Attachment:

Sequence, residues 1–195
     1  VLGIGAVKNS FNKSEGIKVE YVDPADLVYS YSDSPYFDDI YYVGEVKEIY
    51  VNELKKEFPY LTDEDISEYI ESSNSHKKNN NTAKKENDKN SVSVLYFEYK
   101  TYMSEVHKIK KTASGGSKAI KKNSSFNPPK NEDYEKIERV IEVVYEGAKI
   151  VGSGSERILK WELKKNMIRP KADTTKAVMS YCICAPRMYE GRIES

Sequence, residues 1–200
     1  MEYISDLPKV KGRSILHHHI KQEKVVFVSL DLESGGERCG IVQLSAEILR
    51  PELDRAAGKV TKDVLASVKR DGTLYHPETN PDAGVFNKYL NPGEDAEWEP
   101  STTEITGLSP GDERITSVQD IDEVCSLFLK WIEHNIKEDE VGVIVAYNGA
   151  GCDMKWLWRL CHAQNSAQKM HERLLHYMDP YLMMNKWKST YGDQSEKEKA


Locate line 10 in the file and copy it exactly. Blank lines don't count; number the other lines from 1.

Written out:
   151  GCDMKWLWRL CHAQNSAQKM HERLLHYMDP YLMMNKWKST YGDQSEKEKA